Publications by authors named "Alex Barrett"

2 Publications

  • Page 1 of 1

T2*-weighted MRI produces viable fetal "Black-Bone" contrast with significant benefits when compared to current sequences.

Br J Radiol 2021 Jul 21;94(1123):20200940. Epub 2021 May 21.

Sheffield Teaching Hospital NHS Foundation Trust, Sheffield, UK.

Objectives: Fetal "black bone" MRI could be useful in the diagnosis of various skeletal conditions during pregnancy without exposure to ionizing radiation. Previously suggested susceptibility-weighted imaging (SWI) is not available in the suggested form on all scanners leading to long imaging times that are susceptible to motion artefacts. We aimed to assess if an optimized T2*-weighted GRE sequence can provide viable "black bone" contrast and compared it to other sequences in the literature.

Methods: A retrospective study was conducted on 17 patients who underwent fetal MRI. Patients were imaged with an optimized T2*-weighted GRE sequence, as well as at least one other "black-bone" sequence. Image quality was scored by four blinded observers on a five-point scale.

Results: The T2*-weighted GRE sequence offered adequate to excellent image quality in 63% of cases and scored consistently higher than the three other comparison sequences when comparing images from the same patient. Image quality was found to be dependent on gestational age with good image quality achieved on almost all patients after 26 weeks.

Conclusions: T2*-weighted GRE imaging can provide adequate fetal "black bone" contrast and performs at least as well as other sequences in the literature due to good bone to soft tissue contrast and minimal motion artefacts.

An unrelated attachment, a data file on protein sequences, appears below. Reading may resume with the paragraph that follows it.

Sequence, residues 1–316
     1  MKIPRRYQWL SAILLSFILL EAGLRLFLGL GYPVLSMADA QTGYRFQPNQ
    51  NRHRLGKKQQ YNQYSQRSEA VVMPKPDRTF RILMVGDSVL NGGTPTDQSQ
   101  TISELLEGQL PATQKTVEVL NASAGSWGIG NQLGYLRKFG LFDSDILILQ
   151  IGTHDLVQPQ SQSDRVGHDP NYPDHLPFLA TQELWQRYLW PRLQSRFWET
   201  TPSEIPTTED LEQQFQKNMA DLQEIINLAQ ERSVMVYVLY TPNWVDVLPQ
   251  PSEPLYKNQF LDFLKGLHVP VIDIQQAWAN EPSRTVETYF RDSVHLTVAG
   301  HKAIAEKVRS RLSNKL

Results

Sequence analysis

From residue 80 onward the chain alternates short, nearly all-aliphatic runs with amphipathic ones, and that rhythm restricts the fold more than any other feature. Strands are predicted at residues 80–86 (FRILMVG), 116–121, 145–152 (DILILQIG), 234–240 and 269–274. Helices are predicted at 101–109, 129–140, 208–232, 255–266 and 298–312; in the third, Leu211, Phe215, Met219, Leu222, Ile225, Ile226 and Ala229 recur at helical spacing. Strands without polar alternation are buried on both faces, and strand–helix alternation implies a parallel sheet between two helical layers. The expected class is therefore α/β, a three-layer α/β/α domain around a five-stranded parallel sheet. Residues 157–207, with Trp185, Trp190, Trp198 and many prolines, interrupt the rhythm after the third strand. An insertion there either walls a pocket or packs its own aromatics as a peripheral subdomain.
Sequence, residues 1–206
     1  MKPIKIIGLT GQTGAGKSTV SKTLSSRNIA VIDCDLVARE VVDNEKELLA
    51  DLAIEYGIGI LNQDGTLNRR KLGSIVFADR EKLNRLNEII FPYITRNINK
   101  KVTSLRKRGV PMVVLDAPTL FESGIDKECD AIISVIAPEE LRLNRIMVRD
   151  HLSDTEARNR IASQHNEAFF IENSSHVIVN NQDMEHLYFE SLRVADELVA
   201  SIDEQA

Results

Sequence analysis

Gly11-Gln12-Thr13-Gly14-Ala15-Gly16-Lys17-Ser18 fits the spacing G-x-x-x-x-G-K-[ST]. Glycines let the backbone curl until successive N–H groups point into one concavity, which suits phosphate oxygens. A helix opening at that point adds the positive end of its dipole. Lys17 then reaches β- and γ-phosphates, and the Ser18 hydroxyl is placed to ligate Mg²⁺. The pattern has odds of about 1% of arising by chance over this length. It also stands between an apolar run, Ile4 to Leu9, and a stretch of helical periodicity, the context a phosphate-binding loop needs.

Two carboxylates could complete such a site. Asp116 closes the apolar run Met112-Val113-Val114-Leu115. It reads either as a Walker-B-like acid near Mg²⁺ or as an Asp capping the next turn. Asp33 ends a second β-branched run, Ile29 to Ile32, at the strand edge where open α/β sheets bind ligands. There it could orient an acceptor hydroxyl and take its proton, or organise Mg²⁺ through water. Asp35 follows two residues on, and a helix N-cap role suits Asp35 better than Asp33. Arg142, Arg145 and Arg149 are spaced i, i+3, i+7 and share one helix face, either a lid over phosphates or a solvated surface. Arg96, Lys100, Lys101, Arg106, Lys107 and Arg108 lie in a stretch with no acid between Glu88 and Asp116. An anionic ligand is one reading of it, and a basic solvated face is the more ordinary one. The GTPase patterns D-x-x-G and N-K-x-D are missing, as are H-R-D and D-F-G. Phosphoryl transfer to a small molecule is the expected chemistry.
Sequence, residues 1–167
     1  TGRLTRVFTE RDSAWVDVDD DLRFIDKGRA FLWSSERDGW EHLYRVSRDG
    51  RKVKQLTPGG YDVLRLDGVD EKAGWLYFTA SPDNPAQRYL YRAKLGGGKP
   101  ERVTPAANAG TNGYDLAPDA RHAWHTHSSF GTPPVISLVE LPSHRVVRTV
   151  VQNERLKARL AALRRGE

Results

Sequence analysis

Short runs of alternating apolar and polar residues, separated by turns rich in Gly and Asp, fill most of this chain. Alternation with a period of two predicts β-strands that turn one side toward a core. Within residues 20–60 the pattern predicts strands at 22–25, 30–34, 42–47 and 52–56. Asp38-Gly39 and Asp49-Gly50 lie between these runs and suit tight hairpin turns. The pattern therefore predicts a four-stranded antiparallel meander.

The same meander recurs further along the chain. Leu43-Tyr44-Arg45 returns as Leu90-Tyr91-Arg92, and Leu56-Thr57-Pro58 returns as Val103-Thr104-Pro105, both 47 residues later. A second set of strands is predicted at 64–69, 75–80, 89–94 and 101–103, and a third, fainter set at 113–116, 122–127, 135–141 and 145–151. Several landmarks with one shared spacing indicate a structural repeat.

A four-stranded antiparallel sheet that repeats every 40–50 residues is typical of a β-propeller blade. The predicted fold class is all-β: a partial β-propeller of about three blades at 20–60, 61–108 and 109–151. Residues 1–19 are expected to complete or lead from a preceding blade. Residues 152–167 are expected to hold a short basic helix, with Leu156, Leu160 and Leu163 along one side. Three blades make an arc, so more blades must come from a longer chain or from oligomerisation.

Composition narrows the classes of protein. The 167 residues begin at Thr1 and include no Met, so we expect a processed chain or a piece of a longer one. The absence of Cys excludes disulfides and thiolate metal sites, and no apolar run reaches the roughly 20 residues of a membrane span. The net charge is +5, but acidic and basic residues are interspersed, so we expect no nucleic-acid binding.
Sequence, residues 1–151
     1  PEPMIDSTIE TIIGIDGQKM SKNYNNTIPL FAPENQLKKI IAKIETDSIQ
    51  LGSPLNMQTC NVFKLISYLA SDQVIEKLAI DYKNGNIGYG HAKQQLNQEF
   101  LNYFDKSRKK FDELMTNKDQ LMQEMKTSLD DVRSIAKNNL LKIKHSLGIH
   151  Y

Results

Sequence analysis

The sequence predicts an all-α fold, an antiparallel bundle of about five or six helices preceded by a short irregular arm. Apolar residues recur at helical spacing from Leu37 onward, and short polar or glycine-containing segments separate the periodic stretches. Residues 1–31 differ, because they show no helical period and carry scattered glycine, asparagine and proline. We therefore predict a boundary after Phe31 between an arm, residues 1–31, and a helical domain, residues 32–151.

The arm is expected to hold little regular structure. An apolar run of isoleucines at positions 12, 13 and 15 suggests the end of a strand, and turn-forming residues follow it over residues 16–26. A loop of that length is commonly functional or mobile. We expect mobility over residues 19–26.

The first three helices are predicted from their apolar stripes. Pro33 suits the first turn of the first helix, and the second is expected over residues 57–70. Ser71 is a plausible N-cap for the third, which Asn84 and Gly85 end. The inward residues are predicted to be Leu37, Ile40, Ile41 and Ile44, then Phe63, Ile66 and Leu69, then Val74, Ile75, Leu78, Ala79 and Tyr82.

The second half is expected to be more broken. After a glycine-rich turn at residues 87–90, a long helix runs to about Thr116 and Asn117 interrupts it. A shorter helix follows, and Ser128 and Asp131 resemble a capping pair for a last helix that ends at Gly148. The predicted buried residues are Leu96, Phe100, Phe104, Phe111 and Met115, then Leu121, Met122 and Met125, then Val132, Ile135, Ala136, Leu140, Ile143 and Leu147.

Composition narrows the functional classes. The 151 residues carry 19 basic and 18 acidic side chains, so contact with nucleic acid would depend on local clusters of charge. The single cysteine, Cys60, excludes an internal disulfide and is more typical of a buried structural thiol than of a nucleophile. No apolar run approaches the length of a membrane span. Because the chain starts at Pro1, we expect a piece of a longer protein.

Advances In Knowledge: T2*-weighted fetal "black-bone" imaging can provide excellent bone to soft tissue contrast without using ionizing radiation. It is as good as other "black bone" sequences and may be simpler and more widely implemented, with less motion artefacts.
View Article and Find Full Text PDF

Download full-text PDF

Source Listing
July 2021

Genotype tunes pancreatic ductal adenocarcinoma tissue tension to induce matricellular fibrosis and tumor progression.

Nat Med 2016 05 18;22(5):497-505. Epub 2016 Apr 18.

Center for Bioengineering and Tissue Regeneration, Department of Surgery, University of California, San Francisco, San Francisco, California, USA.

Fibrosis compromises pancreatic ductal carcinoma (PDAC) treatment and contributes to patient mortality, yet antistromal therapies are controversial. We found that human PDACs with impaired epithelial transforming growth factor-β (TGF-β) signaling have high epithelial STAT3 activity and develop stiff, matricellular-enriched fibrosis associated with high epithelial tension and shorter patient survival. In several KRAS-driven mouse models, both the loss of TGF-β signaling and elevated β1-integrin mechanosignaling engaged a positive feedback loop whereby STAT3 signaling promotes tumor progression by increasing matricellular fibrosis and tissue tension. In contrast, epithelial STAT3 ablation attenuated tumor progression by reducing the stromal stiffening and epithelial contractility induced by loss of TGF-β signaling. In PDAC patient biopsies, higher matricellular protein and activated STAT3 were associated with SMAD4 mutation and shorter survival. The findings implicate epithelial tension and matricellular fibrosis in the aggressiveness of SMAD4 mutant pancreatic tumors and highlight STAT3 and mechanics as key drivers of this phenotype.
View Article and Find Full Text PDF

Download full-text PDF

Source Listing
May 2016